However, the supposed loophole in the gambling laws was not always effective. In Iowa, even slots that paid out in edibles were considered for all intents and purposes to be gambling and as such, banned from the public to use. Over time, Nevada would establish itself as a haven for gambling and it soon became one of the few places where players could enjoy proper gaming.

Bally Introduces the Money Honey

Classic SlotIt would be decades before any significant changes came to the slots genre and the 1960s saw the introduction of the Money Honey by Bally. It was the first fully electromechanical slot, where the reels were operator solely by electricity. Despite the new changes, the manufacturer still kept some key features of the old machines, namely the lever. Another major feature of the Money Honey slots was the bottomless hopper, which meant that the machine could payout up to 500 coins at once. A significant improvement over the Liberty Bell, which could only give out up to $0.50 in nickels.

The large payout potential made Money Honey an instant hit with the player base and games of the same kind quickly gained traction in the gambling industry. As a result, future slots would also incorporate the same electromechanical principles as Money Honey.

First Video Slot Game

First Video SLotWhile the Money Honey was a remarkable improvement of the slots genre, the 1970s would bring about even larger changes. With computer technology becoming ever more advanced, it was only a matter of time before it became used in other industries. In 1976, the world was offered the first video slot machine, courtesy of Bally. This new game used a 19-inch display and it showed a broad range of colors.

Though still a prototype when it came out, the game was placed for trials in the Hilton Hotel and after which was put up for review by the Nevada State Gaming Commission. Several tweaks were made to make cheating harder and the slot was soon all over the Vegas Strip, quickly becoming popular and with more of the same type to follow.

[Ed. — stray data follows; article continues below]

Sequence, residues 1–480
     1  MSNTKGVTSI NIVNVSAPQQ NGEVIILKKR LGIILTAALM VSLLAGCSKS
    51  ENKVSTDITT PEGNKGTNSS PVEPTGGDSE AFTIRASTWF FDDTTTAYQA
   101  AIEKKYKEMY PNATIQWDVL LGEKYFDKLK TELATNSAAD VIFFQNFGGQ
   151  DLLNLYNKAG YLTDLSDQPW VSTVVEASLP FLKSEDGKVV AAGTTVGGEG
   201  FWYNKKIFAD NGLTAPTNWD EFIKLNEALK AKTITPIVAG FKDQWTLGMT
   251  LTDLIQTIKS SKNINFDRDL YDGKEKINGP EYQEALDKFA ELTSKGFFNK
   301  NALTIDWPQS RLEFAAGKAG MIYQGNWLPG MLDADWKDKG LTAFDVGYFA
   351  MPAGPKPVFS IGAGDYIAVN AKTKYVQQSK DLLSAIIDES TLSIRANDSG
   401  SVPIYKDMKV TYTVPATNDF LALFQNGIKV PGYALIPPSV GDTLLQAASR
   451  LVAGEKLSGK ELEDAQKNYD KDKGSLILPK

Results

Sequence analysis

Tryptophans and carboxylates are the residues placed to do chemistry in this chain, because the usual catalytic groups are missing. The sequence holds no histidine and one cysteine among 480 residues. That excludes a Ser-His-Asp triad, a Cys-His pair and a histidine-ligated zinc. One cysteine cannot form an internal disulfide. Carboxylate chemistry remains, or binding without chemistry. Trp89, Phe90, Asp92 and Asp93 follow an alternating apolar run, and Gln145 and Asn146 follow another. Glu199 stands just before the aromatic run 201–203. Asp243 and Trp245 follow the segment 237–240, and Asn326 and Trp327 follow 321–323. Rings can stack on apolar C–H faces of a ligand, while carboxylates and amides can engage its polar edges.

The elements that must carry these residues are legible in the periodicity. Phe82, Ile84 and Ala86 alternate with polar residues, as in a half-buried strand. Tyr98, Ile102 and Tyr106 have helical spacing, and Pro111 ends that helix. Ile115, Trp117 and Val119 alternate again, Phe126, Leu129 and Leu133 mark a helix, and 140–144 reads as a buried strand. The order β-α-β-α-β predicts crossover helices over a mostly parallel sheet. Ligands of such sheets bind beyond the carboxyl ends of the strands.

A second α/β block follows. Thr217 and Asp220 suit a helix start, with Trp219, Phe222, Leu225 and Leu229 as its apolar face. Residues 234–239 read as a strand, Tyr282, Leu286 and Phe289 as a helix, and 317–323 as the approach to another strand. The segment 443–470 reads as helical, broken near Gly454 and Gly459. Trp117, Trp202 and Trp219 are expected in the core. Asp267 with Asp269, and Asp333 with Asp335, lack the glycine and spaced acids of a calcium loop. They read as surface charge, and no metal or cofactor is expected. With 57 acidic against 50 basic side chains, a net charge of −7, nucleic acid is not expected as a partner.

Internet Slots

Internet SlotsWith the passage of time, casino technology became more and more advanced. The land-based industry was thriving and many new slots came out for gamblers to enjoy. But there was a new form of gambling on the horizon and it would offer bettors a new and exciting prospect – Internet gambling.

As the Internet became a bigger factor in everyday life, companies tried to capitalize on this and soon a new online gambling industry emerged out of nowhere. Soon the first wave of online casinos hit the market and they offered novel ways for people to place wagers. The first online slots were made available to the public and players could not get enough of them. After only a few years, the industry had grown exponentially and it was on its way to become a global phenomenon. Gamblers could now enjoy top-quality slots from the comfort of their own home and the only requirement being a computer and an Internet connection.

Companies like Microgaming and WMS Technology were first to hit the scene and release the new online slots, with many more to follow. Not only did these games capture the feel of traditional slot machines, but they also pushed the gambling industry to new heights. Furthermore, with the physical space no longer being a factor, software providers had the opportunity to develop and offer many more unique games than any land-based establishment ever could.

The online slots quickly became more advanced and with more companies entering the casino software development scene, a fierce competition began between them. This, of course, worked fully in favor of players as they now had a plethora of games to pick and choose from. The online era saw many new themes and aesthetics being featured in slots, making the genre much more appealing to everyone. Moreover, the strong competition meant that the genre was advancing at breakneck speeds, introducing high-definition graphics and many more features to new games.